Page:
Rep. Kinzinger: Syria is not your political football, Mr. Obama

Last week, President Obama spoke at the ‘Leader’s Summit on Refugees’ and read a letter from a young boy named Alex.

Alex wrote to the president about Omran Daqneesh – the young Syrian boy photograph and video went viral after he was placed in an ambulance, bloodied and dazed but calm, following an airstrike on civilians in Aleppo.

The letter was touching, innocent, genuine, and an example for us all. However, the president took it and turned it into a political moment to say that we need to be inviting more refugees to America. 

The president made an appealing, compassionate speech that pulled at the heartstrings of everyone there – his reflection of Alex’s letter resonated more widely when the White House released a video of the speech hours later. But in typical fashion, rather than look at the root of the problem in Syria, the president found an opportunity.  

His eagerness to push his own agenda, while innocent kids are being murdered in Syria by a brutal dictator that the President has empowered, truly sickens me.

Personally, I loved hearing the letter that Alex wrote to the President. It’s a reminder for us all to encourage kindness, humanity, caring, and acceptance in our children and our future generations. 

But the crux of the problem in Syria is that the president has utterly, grotesquely, and gravely FAILED to lead. He has failed to adhere to any of the red lines he drew with Syrian dictator Bashar al-Assad. 

He has failed to show strength when Russian planes conduct airstrikes on medical facilities and aid convoys. He has continually failed to understand he is being played like a fiddle by Vladimir Putin when he looks to work with the Russian dictator on a resolution to the conflict that his airstrikes continue to exacerbate. 

It’s embarrassing and it has done severe damage to our standing in the world. Our enemies no longer fear us, our allies don’t trust us, and our own people have begun to wonder what we even stand for anymore.

The president’s failure to lead, to stand up strong, to assert himself as the leader of the free world has ultimately led to the devastation we see in Syria.  As commander in chief to the strongest nation in the world, it is the president’s job to be our voice in the global community.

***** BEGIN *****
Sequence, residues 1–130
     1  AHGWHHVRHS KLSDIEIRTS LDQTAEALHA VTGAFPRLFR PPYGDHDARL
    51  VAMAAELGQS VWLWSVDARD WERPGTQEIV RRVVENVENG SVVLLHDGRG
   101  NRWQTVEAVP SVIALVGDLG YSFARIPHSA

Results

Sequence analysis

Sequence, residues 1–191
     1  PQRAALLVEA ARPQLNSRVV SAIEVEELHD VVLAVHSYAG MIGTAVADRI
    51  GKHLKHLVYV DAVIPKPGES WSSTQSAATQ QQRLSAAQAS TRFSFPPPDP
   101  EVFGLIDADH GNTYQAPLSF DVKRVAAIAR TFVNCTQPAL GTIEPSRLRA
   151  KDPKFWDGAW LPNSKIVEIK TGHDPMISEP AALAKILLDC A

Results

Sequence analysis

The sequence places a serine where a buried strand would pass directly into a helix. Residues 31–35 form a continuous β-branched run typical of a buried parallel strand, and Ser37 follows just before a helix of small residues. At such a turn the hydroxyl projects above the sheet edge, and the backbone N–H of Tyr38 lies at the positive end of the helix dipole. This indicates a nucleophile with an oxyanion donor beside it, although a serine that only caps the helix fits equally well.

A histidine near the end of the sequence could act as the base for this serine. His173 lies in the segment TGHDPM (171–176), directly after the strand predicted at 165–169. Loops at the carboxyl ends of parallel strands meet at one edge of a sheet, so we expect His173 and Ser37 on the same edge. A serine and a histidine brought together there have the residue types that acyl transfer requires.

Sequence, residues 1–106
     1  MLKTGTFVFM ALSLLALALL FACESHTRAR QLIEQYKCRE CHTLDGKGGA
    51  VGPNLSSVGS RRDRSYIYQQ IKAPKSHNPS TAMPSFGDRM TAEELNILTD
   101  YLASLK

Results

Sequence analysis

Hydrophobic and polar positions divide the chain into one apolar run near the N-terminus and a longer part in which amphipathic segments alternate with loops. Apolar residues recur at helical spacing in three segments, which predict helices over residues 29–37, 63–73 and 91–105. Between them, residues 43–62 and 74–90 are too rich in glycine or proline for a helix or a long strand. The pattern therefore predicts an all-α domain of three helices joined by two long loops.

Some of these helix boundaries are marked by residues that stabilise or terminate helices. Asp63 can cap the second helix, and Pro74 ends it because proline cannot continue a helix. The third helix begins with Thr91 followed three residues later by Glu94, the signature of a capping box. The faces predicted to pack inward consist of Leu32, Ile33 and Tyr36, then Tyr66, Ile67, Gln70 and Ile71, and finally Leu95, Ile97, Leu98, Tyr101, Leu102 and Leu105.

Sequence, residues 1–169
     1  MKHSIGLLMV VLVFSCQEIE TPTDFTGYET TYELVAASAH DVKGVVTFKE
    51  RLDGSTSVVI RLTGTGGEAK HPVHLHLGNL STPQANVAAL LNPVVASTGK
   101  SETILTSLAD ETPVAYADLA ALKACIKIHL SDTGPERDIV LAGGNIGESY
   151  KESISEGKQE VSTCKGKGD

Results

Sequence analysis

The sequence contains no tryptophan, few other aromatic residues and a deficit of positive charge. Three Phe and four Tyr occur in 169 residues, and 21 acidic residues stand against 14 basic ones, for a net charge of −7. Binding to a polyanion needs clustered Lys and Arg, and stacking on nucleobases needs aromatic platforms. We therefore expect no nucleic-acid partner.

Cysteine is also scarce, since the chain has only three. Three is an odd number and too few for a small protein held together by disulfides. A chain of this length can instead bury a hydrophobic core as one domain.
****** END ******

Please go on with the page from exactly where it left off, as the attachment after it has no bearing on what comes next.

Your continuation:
Yet, he has continued to sit on the sidelines and disengage.  Nearly half a million Syrians have died in the last FIVE years and through it all, the president has done nothing. Empty rhetoric and a few ceasefires, which have all failed and were utter shams to begin with, does not equate to a strategy or plan of action. 

I would strongly urge the president to rethink his gambles with Putin.  I would encourage the president to visit with the people of Syria who are under constant attack by these dictators. 

Go take a look at the dismembered bodies strewn across makeshift hospital floors, Mr. President.  Look at the images of this carnage that our news stations cannot even show because of their gruesome nature. 

This truly is “a problem from hell” – plain and simple. 

It is beyond time to wake up and realize that if the president continues to sit back and allow Bashar al-Assad and Vladimir Putin to murder these innocent Syrians, his legacy will be remembered for allowing this genocide in Syria. 

If we fail to act, fail to lead, fail to do something – this Syrian Civil War will be the greatest humanitarian crisis of the 21st century and more than likely the biggest shame on our president and world leaders. 

Adam Kinzinger was first sworn into the U. S. House of Representatives in January 2011. He serves as the Representative for the Sixteenth Congressional District of Illinois and is a member of the House Energy Commerce Committee. In addition, he served on the House Foreign Affairs Committee during the 113th Congress.Kinzinger served in the Air Force in both Iraq and Afghanistan. He has served in the Air Force Special Operations, Air Combat Command, Air Mobility Command, and Air National Guard. He has the current rank of Major.

comments powered by Disqus